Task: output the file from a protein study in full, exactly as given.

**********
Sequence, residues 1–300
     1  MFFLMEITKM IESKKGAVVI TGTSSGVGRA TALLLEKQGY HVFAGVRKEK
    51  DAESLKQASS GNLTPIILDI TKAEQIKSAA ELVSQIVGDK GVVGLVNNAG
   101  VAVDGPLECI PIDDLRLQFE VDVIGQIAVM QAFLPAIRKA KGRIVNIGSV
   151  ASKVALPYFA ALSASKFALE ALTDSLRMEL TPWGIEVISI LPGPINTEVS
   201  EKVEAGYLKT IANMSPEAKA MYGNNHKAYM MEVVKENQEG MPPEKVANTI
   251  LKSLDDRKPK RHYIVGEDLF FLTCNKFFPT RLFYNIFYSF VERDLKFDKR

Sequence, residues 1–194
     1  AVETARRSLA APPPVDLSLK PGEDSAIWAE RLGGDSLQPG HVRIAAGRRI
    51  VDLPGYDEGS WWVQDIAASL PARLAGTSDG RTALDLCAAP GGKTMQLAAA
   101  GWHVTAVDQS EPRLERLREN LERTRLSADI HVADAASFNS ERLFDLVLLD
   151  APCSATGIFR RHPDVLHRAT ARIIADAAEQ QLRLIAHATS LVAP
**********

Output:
Sequence, residues 1–300
     1  MFFLMEITKM IESKKGAVVI TGTSSGVGRA TALLLEKQGY HVFAGVRKEK
    51  DAESLKQASS GNLTPIILDI TKAEQIKSAA ELVSQIVGDK GVVGLVNNAG
   101  VAVDGPLECI PIDDLRLQFE VDVIGQIAVM QAFLPAIRKA KGRIVNIGSV
   151  ASKVALPYFA ALSASKFALE ALTDSLRMEL TPWGIEVISI LPGPINTEVS
   201  EKVEAGYLKT IANMSPEAKA MYGNNHKAYM MEVVKENQEG MPPEKVANTI
   251  LKSLDDRKPK RHYIVGEDLF FLTCNKFFPT RLFYNIFYSF VERDLKFDKR

Sequence, residues 1–194
     1  AVETARRSLA APPPVDLSLK PGEDSAIWAE RLGGDSLQPG HVRIAAGRRI
    51  VDLPGYDEGS WWVQDIAASL PARLAGTSDG RTALDLCAAP GGKTMQLAAA
   101  GWHVTAVDQS EPRLERLREN LERTRLSADI HVADAASFNS ERLFDLVLLD
   151  APCSATGIFR RHPDVLHRAT ARIIADAAEQ QLRLIAHATS LVAP